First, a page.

The headquarters of the National Shooting Sports Foundation, the gun industry’s trade association, is 3.2 miles, a seven-minute drive, from Sandy Hook Elementary School.
After last month’s massacre, all the pictures of NSSF executives had been taken down from the organization’s website, said Garen Wintemute, director of the Violence Prevention Research Program at the UC-Davis Medical Center.
“I suspect they were taken down because they were involved. This was their neighborhood elementary school. Their kids went there.” Their kids may even have been in the building during the rampage, he said. “Everyone in the industry knows the people at NSSF. Every executive in that industry was not that many degrees of separation from Sandy Hook.”
Maybe this would be a good time to ask them to help, Wintemute suggested to an auditorium full of gun violence researchers. They met this week at Johns Hopkins Bloomberg School of Public Health, at the Summit on Reducing Gun Violence in America, to discuss what we actually know and don’t know about gun violence and to propose some solutions to one of America’s greatest public health threats.
The eponymous Bloomberg was there—Michael, the onetime-Republican mayor of New York City, a graduate of Johns Hopkins and the university’s biggest donor since, well, Johns Hopkins. So was Martin O’Malley, the Democratic governor of Maryland. Both men have been on the front line of the gun control debate; both men this week proposed sweeping laws that would put what they say are rational limits on gun ownership.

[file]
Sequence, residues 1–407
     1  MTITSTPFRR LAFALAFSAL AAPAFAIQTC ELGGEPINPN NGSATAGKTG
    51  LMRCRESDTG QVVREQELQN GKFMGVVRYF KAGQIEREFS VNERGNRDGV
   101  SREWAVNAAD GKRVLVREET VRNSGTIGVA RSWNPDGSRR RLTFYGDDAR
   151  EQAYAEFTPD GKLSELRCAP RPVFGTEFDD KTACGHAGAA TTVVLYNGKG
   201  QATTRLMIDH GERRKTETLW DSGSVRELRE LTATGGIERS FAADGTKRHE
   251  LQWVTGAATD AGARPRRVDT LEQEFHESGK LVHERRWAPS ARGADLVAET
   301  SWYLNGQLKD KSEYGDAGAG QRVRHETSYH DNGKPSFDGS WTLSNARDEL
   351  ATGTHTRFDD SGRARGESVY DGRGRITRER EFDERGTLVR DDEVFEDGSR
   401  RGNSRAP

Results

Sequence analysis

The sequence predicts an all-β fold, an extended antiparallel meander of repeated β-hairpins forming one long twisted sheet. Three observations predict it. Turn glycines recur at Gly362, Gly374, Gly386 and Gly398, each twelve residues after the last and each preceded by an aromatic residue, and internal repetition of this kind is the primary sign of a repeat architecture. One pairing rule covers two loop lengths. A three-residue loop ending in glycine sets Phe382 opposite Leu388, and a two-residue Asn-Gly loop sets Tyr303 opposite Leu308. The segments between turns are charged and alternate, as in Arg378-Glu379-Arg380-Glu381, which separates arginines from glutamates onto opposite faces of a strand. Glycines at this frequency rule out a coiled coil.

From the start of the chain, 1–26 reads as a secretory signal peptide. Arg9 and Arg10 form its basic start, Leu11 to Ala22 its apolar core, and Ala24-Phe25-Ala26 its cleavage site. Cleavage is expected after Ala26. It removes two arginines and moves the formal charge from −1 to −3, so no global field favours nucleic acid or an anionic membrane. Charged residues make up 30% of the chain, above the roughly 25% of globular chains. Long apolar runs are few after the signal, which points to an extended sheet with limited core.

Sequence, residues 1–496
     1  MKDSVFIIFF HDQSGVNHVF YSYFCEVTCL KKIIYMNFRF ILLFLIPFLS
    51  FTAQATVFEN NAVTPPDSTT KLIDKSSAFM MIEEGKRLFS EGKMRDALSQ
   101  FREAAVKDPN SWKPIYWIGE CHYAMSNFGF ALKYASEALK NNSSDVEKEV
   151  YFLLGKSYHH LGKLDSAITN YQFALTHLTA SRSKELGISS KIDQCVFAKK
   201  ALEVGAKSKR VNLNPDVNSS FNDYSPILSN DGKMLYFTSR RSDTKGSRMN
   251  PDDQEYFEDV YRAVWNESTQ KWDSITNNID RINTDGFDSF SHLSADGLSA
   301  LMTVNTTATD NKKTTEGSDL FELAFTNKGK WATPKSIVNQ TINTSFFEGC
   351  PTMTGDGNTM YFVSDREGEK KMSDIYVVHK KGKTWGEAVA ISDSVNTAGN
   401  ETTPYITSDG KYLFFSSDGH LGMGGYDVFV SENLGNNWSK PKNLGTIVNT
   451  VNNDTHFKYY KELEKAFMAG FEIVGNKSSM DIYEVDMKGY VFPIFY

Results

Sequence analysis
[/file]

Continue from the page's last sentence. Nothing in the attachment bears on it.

The setting, Baltimore, the locale for The Wire, was fitting. The emergency room around the corner specializes in gunshot wounds, and the neighborhood around the medical center may be more dangerous than Baghdad on Saturday nights.
Several people in the audience, including uniformed police and others not in uniform, were packing heat. Security was tight.
No speaker at the conference suggested confiscating guns, except guns owned by people who are ineligible to own guns by law: criminals, the insane, people involved in nasty domestic violence disputes. Even limiting ammunition didn’t get much time. Most of the discussions were about interrupting the flow of weapons to people who might use them to do evil, who was to blame for getting them the guns, and who, after all, should be allowed to own guns.
Thanks to legislation pushed in Washington and the state capitals by the National Rifle Association over the years, there aren’t very many gun violence experts. And the data scientists have gathered through the years are not a great help. Most of the results are ambiguous, and the studies are retrospective—going back after the fact to look at possible predictors of gun violence and the best ways to prevent it—which is not the preferred way to prove anything in science.
One of the reasons results are limited is the ban by the government’s two largest research institutions, the Centers for Disease Control and Prevention and the National Institutes of Health, on funding research that could “advocate or promote gun control.”
Thanks to Congress, the CDC spends $100,000 on gun research out of a budget of $6 billion, Bloomberg said. The NIH spends less than $1 million out of a budget of $31 billion. It spends more researching headaches.
Nonetheless, university researchers, mostly privately funded, have gathered some data to work with.
In 1994, Congress voted to ban assault weapons and, more important, magazines that held more than 10 bullets. The idea, said Christopher Koper of George Mason University, was less to reduce the number of shootings than to reduce the number of people shot. It is the magazines that make these guns so deadly.
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